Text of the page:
|Exercise 4||Orthophoto Notification System|
|Data||Orthophoto images (GeoTIFF)|
|Overall Goal||Provide email-driven access to orthophoto files|
|Demonstrates||Processing an incoming email message|
As a technical analyst in the GIS department a recent project involved setting up a Data Download solution for users to serve orthophoto data to themselves. Having read up about notifications in FME Server, you think that it should be possible to set up a system that uses email-based automation.
So far you have set up a system for incoming email notifications to be registered by FME Server and proved that you can use that to trigger a workspace. Now you must actually edit the workspace to process the incoming email.
One part of the Data Download project clipped raster features to the boundary of a neighborhood. It should be possible to set up the workspace to have extract the neighborhood name from the subject line of the incoming email.
|Miss Vector says...|
|This exercise continues where exercise 3 left off. You must have completed exercise 3 to carry out this exercise.|
1) Open Workspace
Start FME Workbench and open the workspace: C:\FMEData2016\Workspaces\ServerAuthoring\Notifications-Ex4-Begin.fmw (you should open this workspace, even if you created one in exercise 3):
This workspace is a cut-down version of the one used for your Data Download project. Notice raster data is read and clipped to the boundary of a chosen neighborhood.
2) Add Reader
We now need to add a new Reader, which is what we'll use to obtain the content of the email message.
Select Readers > Add Reader from the menubar. When prompted set the parameters as follows:
|Reader Format||Text File|
|Reader Parameters||Read Whole File at Once: Yes|
It doesn't really matter what text file we use as the source, it won't be used anyway. It will be replaced by the content of the incoming email. The Read Whole File at Once parameter is important. With it we'll receive the email content as a single chunk of text. Without it we'll receive the content as lots of lines of text, which would be much harder to parse.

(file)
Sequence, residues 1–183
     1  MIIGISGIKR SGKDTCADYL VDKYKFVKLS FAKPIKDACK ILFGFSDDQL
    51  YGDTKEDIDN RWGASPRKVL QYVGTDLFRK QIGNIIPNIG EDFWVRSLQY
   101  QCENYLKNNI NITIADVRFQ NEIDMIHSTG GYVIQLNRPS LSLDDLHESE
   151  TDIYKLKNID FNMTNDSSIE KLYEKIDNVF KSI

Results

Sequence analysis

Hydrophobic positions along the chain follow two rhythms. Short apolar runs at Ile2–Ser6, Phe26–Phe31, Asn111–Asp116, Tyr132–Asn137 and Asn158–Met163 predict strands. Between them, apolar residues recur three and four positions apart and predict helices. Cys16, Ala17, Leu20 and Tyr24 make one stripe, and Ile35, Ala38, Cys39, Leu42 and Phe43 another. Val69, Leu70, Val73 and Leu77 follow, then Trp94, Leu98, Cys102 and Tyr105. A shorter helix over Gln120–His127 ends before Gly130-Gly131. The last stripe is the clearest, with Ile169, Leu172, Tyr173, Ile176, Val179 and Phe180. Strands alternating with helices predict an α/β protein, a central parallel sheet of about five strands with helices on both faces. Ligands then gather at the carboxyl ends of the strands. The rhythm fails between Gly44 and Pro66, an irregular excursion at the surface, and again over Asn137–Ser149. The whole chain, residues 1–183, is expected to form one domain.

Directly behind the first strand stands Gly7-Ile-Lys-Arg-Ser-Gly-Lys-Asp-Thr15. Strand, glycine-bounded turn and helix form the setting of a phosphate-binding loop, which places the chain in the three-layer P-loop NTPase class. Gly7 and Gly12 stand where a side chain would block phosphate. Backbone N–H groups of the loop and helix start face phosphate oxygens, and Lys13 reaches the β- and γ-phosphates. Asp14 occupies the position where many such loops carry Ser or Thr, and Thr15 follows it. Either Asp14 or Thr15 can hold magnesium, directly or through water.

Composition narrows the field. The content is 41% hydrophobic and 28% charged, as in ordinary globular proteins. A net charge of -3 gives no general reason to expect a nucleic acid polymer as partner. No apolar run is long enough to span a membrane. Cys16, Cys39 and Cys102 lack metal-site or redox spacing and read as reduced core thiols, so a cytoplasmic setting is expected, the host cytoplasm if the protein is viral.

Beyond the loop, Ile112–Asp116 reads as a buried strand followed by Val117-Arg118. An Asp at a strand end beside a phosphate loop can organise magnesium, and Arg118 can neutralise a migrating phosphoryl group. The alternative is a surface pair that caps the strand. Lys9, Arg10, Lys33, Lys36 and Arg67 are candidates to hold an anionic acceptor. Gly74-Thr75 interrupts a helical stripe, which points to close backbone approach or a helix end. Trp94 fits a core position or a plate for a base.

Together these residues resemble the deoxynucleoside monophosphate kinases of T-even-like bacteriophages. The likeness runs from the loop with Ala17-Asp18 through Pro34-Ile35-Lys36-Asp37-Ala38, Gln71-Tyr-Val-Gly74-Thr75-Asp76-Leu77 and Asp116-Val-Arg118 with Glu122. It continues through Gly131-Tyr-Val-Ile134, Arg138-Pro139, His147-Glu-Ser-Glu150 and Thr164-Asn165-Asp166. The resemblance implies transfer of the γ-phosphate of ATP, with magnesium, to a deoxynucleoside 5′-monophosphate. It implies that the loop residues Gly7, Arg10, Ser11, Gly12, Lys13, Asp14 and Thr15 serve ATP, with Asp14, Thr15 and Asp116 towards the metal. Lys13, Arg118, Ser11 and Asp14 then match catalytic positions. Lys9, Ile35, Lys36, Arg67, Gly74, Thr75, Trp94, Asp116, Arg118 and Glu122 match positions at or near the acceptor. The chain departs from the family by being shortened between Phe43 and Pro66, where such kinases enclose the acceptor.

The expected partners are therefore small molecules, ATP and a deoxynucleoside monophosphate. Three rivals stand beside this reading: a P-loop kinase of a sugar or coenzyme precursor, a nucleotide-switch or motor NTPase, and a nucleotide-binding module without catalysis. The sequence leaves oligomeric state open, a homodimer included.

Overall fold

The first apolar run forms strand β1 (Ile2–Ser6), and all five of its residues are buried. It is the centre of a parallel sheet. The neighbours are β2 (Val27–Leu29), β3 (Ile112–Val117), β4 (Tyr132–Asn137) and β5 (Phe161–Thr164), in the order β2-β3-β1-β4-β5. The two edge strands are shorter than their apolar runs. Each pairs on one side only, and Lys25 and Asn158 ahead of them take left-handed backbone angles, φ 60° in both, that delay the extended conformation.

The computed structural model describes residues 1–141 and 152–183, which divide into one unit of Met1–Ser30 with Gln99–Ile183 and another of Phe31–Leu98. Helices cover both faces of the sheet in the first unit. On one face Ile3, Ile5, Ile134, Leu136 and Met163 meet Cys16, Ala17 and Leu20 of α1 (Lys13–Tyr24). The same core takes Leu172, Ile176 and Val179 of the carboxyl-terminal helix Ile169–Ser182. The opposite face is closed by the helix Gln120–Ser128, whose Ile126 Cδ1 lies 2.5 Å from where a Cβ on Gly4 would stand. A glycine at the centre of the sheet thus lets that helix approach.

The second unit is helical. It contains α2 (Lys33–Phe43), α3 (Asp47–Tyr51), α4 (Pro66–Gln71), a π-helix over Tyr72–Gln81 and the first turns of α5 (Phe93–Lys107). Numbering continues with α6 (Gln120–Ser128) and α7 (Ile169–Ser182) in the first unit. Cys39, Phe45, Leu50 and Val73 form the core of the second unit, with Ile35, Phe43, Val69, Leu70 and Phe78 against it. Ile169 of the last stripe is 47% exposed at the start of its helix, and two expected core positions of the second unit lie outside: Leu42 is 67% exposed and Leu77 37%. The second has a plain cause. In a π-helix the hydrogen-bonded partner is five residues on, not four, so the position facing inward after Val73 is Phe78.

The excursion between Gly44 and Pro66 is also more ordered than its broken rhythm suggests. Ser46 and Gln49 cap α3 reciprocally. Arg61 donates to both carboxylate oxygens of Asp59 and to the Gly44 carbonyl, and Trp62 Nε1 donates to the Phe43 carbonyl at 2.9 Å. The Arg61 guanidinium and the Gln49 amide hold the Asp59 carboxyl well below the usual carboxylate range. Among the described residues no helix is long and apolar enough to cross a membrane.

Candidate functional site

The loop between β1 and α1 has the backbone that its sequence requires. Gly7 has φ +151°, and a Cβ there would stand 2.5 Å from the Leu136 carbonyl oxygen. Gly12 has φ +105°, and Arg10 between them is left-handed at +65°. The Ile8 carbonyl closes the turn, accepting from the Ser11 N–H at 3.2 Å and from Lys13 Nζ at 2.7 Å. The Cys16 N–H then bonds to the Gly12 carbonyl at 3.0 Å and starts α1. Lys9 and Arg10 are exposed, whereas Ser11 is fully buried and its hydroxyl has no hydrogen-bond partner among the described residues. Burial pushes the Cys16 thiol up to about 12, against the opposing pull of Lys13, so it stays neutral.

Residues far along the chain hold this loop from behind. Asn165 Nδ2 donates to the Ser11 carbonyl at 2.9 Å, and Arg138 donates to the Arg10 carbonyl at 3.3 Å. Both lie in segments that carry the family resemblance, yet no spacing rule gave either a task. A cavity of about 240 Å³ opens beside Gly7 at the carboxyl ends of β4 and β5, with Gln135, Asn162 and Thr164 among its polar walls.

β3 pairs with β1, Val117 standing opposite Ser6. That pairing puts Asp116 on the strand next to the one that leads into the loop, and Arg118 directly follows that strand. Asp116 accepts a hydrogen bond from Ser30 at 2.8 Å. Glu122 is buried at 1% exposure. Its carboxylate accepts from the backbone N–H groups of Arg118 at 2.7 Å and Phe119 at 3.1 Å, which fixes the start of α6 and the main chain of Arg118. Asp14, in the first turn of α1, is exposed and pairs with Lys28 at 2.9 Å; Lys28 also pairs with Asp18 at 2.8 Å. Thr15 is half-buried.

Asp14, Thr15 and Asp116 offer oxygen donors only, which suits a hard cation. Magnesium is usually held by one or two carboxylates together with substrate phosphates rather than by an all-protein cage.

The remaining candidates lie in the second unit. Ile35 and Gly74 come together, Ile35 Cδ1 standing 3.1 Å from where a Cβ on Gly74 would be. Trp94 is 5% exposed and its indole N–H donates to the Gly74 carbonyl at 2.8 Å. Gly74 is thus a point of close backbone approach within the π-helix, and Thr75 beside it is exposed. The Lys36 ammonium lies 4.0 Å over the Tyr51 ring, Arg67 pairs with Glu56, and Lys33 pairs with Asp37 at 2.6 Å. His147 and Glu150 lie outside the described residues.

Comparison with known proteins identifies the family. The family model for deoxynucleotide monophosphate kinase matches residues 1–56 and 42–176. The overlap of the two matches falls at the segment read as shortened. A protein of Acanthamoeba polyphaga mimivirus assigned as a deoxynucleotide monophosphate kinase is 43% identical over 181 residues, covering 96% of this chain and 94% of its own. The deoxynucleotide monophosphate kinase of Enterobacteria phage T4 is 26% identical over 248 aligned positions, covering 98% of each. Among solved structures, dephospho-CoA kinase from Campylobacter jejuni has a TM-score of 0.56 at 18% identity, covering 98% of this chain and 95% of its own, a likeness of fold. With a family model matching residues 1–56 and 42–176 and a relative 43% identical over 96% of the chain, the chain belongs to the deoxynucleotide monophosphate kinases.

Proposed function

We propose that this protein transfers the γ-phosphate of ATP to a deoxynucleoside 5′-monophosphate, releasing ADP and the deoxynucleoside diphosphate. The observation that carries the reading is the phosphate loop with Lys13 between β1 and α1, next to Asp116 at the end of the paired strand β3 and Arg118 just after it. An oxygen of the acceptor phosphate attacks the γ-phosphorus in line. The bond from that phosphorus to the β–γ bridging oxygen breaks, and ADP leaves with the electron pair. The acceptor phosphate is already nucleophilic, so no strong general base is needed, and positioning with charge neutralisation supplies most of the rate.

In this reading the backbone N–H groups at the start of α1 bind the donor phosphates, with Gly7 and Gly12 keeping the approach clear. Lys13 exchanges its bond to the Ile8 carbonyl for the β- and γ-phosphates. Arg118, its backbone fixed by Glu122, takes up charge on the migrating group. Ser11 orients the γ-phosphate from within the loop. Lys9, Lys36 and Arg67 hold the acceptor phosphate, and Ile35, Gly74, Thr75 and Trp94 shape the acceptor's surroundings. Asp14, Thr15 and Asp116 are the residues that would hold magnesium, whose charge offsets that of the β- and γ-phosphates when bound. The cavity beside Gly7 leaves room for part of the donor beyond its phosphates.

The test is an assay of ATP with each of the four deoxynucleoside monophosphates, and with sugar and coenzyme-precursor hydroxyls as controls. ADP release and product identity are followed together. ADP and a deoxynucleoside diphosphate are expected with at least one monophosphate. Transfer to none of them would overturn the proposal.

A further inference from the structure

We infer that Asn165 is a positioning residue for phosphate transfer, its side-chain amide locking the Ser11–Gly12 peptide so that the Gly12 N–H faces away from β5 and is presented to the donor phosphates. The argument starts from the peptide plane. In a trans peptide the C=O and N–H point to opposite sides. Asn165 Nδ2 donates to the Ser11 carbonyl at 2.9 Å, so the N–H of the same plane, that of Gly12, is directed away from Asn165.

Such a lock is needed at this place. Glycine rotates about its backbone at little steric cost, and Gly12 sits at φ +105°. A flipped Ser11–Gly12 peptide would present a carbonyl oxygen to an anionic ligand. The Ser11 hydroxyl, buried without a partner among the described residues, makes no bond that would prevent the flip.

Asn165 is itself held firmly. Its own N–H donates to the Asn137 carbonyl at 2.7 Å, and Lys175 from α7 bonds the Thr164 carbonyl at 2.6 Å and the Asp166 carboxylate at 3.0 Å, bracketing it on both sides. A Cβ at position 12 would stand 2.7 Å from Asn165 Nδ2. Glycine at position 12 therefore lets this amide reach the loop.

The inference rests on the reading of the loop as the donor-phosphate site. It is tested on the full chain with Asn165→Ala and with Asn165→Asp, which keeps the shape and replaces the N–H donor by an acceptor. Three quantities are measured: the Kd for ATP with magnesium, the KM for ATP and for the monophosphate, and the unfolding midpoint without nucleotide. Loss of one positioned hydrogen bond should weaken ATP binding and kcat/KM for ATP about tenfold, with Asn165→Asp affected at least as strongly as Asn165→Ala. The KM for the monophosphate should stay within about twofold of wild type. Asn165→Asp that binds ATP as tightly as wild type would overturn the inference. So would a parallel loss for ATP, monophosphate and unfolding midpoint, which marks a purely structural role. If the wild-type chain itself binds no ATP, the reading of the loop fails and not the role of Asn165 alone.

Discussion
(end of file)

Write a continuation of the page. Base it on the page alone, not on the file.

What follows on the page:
3) Add JSONFlattener
Now add a JSONFlattener transformer to the workspace, after the Text File Reader:
Open the parameters dialog. In there select text_line_data as the source of the JSON content. Under Attributes to Expose manually enter imap_publisher_subject and email_publisher_subject - this will provide us with the email subject line whether we are using IMAP or SMTP.
There are other components of the incoming email we could expose, but these are all we need for now.
4) Add FeatureMerger
Now we need to filter the flow of neighborhood features to include only the neighborhood defined in our email attribute. There are various ways of doing this - maybe the ChangeDetector or Matcher would work - but here we'll use the FeatureMerger combined with the existing Tester.
So, add a FeatureMerger transformer. The Neighborhood features are the Requestor, the JSONFlattener output the Supplier. The best way is to tidy the canvas to look like this:
Open the FeatureMerger parameters dialog. Set the requestor and supplier join values to two identical constant values, like so:
This means that the JSON attributes will be copied onto ALL neighborhood features.
5) Edit Tester
Now open the Tester transformer's parameters dialog. You need to set up two test clauses: one to test if NeighborhoodName = email_publisher_subject and one to test if NeighborhoodName = imap_publisher_subject - the test should be an OR:
Now the feature will pass if it exists in the email subject line - regardless of whether we use the IMAP or SMTP email protocol.
6) Publish to FME Server
Publish the workspace to FME Server. You may (or may not) need to also upload the source raster and KML datasets (depending on whether your FME Server can access the files on your authoring system). Simply register the workspace with the Job Submitter service.
7) Update Subscription
The subscription created in the previous exercise was for a different workspace. Therefore navigate to that subscription in the FME Server interface and change it to run the workspace published in the previous step.
On choosing the workspace you should get the option to set a couple of more parameters, including where you want the data to be written to. Choose to write it to Resources > Data > Output (creating the Output folder if it doesn't already exist).
Also - vitally - you get to choose where to send the incoming message. Choose the published parameter for the text file Reader:
This is how the text file Reader knows where to read the incoming JSON email message from.
8) Test Workspace
Test the workspace by sending an email to the Publication email address. Be sure to make the subject line one of the neighborhoods in Vancouver:
- Mount Pleasant
- West End
Check to ensure the workspace is triggered and run (in the Topic Monitoring and/or Jobs pages) and then look for the output dataset in Resources > Data > Output
|Ms Analyst says...|
|If the output dataset is missing, check the FME log to see what might have gone wrong. You can return to the workspace and add Logger transformers at strategic places and try again, giving the log file a bit more information to help debug problems.|
By completing this exercise you have learned how to: